The Raymore City Council discussed the roundabout versus traffic signal issue one more time during their Monday night meeting, ultimately approving a contract for the construction of a roundabout at the intersection of Lucy Webb Road and Dean Avenue.
Ernie Van Hooser made a personal appearance before Council to express his desire for the councilmembers to “take a little more time” and study the roundabout design.
“I’m just asking that you look at the situation and take a little more time with it,” he said.
Van Hooser went on to explain that he believed the roundabout would need to be “big enough and well-enough marked” so drivers could easily navigate through it without difficulty. He also suggested that the City Council either create a public information program about roundabouts, or publicize one if it already exists, so that people can be educated on how to use one properly.
When the unfinished business came before the Council on the agenda, Councilmember Charlene Hubach expressed concerns over the size and unexpected cost increase of the roundabout. She argued that the traffic signal at the intersection of J Highway and 58 Highway handles the traffic well.
Councilmember Kevin Kellogg said he mostly agreed with Hubach, suggesting that Council “step back and go at this a little more slowly.”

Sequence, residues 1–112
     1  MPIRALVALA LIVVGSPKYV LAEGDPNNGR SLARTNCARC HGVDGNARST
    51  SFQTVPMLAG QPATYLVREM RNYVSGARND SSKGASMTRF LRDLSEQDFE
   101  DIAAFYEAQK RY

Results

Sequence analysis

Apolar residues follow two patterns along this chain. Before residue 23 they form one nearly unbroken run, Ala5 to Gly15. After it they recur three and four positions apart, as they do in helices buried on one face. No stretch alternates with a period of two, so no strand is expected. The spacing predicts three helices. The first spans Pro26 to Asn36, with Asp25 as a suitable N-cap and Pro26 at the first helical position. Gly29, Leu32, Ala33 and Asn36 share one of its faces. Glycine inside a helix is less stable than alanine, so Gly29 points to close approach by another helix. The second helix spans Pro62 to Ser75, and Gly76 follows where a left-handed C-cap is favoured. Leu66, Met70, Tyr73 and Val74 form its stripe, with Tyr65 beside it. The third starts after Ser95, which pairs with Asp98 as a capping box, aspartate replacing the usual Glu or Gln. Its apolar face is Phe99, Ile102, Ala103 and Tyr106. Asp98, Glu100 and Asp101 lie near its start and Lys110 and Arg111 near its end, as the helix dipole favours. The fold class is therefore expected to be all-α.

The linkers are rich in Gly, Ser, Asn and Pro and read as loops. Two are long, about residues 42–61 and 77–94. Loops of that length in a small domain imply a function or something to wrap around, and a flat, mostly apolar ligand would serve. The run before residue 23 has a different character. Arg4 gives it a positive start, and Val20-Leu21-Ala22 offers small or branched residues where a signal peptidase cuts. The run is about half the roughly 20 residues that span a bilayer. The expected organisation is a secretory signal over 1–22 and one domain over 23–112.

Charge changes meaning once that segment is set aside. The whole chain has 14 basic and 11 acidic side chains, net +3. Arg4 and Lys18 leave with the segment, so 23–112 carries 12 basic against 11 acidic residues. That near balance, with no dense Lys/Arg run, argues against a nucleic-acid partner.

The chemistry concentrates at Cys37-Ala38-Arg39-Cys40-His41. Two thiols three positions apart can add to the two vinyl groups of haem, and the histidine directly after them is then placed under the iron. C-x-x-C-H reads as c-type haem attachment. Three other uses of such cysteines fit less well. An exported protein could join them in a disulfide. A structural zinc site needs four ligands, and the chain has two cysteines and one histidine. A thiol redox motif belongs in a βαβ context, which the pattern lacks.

On the other side of the debate, Councilmember Ryan Wescoat stated, “Roundabouts are not new to the City of Raymore,” referring to the one found at Recreation Park.
According to Wescoat, the roundabout design was laid out in a parking lot and tested by vehicles. He argued that the intersection is safer with a roundabout, adding that he personally has not heard much opposition.
“To me, the roundabout solves the issue,” he said.
He later added that a traffic signal may be run or ignored, but a roundabout’s design prevents those two driver errors from occurring simply because of the way it is designed. He said that the lower speed limit, 15 miles per hour, results in less damage in the case of an accident.
Also, Wescoat said that roundabouts allow a driver to continue on instead of waiting at a red light when no one else is around.
Councilmember Derek Moorhead said that the present intersection differs than the one at Recreation Park because it is commercial, not residential, and because the speed limit differs.
He also said, “It’s not the roundabout. It’s actually the inexperienced drivers.”
Moorhead expressed the desire to bring the issue back into a work session to work out further questions.
Councilmember Sonja Abdelgawad said, “I think it’s time to move ahead on this.”
Ultimately Council did just that. Although the vote resulted in a 4-4 tie, Mayor Peter Kerckhoff broke the tie and pushed the contract through by voting in its favor.
The contract is with Mega Industries Corporation and will cost $513,553.35. The Council also approved a budget amendment, 6-2, in order to accomplish the roundabout project. The increase in amount budgeted is $106,053.35.
In other business, the City Council approved the first reading for a liquor license for the new Sam’s Club that is coming to Raymore.
For a full agenda and video recording of the meeting, visit http://www.raymore.com.